Two executives for carbon fiber company Zoltek on Wednesday described automotive composites as affordable and potentially exploding in growth on vehicle exteriors in a few years– another sign that the substrates could be a factor in collision repair sooner than one would expect.
Zoltek U.S. automotive business Director Chris Thomas called cost the “800-pound gorilla in the room” which undercuts carbon fiber benefits like strength, low weight, reduced corrosion and designability.
If OEMs and carbon fiber companies can conquer the cost issue, carbon fiber might beat out steel, aluminum and magnesium as the substrate of choice in many automotive applications.
But according to the CompositesWorld webinar, “How to Produce Affordable Carbon Fiber Automotive Parts,” that hurdle might be surmounted sooner rather than later.
Zoltek Europe automotive business Director Tobias Potyra and Thomas also pointed out that certain methods become more cost-effective if you apply them to a high-volume vehicle.
Potrya showed a slide of many different carbon fiber production processes suitable for many locations on a vehicle body — and different production volumes. Two were on mass-production vehicles either already on sale or about to be. Others might not be far from OEM production lines.
“Prepreg” — a reference to carbon fibers “pre-impregnated” with resin was “very versatile,” and suitable for luxury cars produced up to about 200 vehicles a year, he said.
“The entry costs are fairly low,” he said.
Potrya’s slide associated prepreg with hoods, trunk lids and roofs, and the substrate actually can be found on the Cadillac ATS-V and CTS-V hoods today, he said.
“It’s lightweight,” he said of the carbon fiber hood, which exists in “a starting volume.”
Resin transfer molding
At the higher-volume “premium segment” of 50,000-100,000, resin transfer molding and fusion processes are “becoming more and more viable,” Potrya said.
The Zoltek presentation described a preformed carbon fiber structure placed into a mold into which resin was injected. Like prepreg, it’s able to produce a Class A surface. The presentation associated it with the roof, but also parts like the B-pillar, front-end crash tubes, the rear seat wall, and load floors.
Standard resin transfer molding, or RTM, has a low capital investment, but high-pressure RTM is far more expensive, according to Potrya.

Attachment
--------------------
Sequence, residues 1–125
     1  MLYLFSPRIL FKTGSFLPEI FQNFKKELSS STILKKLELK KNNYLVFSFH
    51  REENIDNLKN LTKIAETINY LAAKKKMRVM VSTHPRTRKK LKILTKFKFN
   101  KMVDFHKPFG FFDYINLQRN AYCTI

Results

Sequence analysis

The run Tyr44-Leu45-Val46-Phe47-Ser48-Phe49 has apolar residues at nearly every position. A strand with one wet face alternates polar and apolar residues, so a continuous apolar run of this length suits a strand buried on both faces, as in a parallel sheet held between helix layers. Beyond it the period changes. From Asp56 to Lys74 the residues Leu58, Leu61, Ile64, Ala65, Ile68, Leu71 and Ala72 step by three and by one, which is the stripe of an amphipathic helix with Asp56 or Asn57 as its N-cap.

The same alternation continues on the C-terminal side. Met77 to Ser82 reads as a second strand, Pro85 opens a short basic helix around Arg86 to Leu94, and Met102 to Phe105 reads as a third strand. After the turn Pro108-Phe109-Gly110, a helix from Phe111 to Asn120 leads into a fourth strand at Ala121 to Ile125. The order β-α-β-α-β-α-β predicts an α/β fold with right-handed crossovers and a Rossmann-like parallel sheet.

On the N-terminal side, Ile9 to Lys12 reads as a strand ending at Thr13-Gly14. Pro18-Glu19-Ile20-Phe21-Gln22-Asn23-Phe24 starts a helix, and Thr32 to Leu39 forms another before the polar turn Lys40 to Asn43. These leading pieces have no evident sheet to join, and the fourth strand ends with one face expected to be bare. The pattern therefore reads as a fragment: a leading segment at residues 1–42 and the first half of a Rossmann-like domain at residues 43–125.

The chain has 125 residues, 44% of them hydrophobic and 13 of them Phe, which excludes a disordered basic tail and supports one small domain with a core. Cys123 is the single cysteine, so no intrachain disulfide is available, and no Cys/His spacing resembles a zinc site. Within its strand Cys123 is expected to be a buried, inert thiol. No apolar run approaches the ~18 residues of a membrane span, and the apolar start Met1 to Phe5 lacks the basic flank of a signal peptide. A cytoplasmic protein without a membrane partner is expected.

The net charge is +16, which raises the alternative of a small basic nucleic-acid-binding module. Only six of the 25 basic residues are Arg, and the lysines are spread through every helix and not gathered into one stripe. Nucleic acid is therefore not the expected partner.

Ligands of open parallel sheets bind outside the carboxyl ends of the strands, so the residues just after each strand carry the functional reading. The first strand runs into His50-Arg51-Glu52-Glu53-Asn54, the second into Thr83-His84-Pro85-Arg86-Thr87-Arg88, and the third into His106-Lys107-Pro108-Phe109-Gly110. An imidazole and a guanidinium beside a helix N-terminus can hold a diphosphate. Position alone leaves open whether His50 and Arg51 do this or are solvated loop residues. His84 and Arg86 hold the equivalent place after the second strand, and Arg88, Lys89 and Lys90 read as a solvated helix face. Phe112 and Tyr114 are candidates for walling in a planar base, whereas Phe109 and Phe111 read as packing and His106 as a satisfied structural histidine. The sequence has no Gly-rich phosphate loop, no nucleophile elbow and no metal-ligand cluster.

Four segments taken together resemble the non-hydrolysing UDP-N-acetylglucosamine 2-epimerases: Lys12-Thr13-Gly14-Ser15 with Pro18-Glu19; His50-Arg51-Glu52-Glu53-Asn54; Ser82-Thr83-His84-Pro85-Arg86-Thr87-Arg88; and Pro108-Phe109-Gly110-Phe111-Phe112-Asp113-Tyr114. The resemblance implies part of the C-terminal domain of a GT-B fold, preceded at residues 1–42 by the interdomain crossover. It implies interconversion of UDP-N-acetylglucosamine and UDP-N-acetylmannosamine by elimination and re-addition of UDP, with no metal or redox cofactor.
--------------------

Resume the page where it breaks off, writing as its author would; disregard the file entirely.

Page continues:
Plasan Carbon Composites has created an RTM roof frame which is lighter than the magnesium die-cast structural part it is intended to replace and can be produced in “low minutes,” according to Potrya.
The part has been delivered to the OEM (Potrya didn’t say which one) and undergone road testing, and “all lights are on green, Potrya said.
Voith also has a direct processing RTM model which is almost completely automated, according to Potrya and the presentation.
A slide calls it “dedicated to Automotive High Volume Serial supply,” Potrya said Audi was using Voith’s process for a “high-volume model that will be on the road from October on,” likely a reference to the Audi A8 and its carbon-fiber rear panel. Audi sold 4,149 A8s in 2016, according to Good Car Bad Car.
SMC and pultrusion
Sheet molding compound, or “SMC,” and pultrusion become more “attractive” if an OEM were to produce a vehicle at a more standard volume of 50,000-150,000 units a year, according to Potrya.
SMC is “very well established for glass fibers,” Potrya said, and advantages include automation, quick cycles and little scrap. However, you need high volume to make it cost-effective, and expensive 3K-tow (a reference to 3,000 strands of carbon fiber) composites are necessary.
Zoltek has a method of pre-splitting less expensive 50K carbon fiber into 3K pieces and boosting the flexural strength (which is different than tensile strength) from less than 300 megapascals to just under 400 MPa.
Magna used SMC to produce a carbon-fiber engine cradle for Ford this year.
“It’s a fully structural application,” Potrya said.
Switching from the traditional steel to an SMC carbon-fiber subframe cut the number of parts from 45 to six and reduced the mass of the completed part by 34 percent, according to Magna. Potrya said Ford was currently testing the part on a vehicle.
The Zoltek presentation linked SMC to door, hood and decklid/liftgate inners and load floors.
Carbon fiber pultrusion produces parts which can replace extruded steel and aluminum. While it’s the cheapest way to produce carbon fiber parts, the technique is “unfortunately” limited to “straight parts,” Potrya said.
However, the “straight parts” which could be primed for replacement ought to be quite familiar to collision repairers. Zoltek has developed pultruded sils/rocker panels and door intrusion beams, and Daimler and Secartechnologie in 2016 won an award for their pultruded carbon fiber stiffening struts in the Mercedes C-Class Cabriolet and S-Class.
“The composite components, which boast optimized functionality and costs, can now also be economically produced in larger volumes,” Daimler hybrid materials head Karl-Heinz Füller said in a statement of the pultrusion process both companies developed.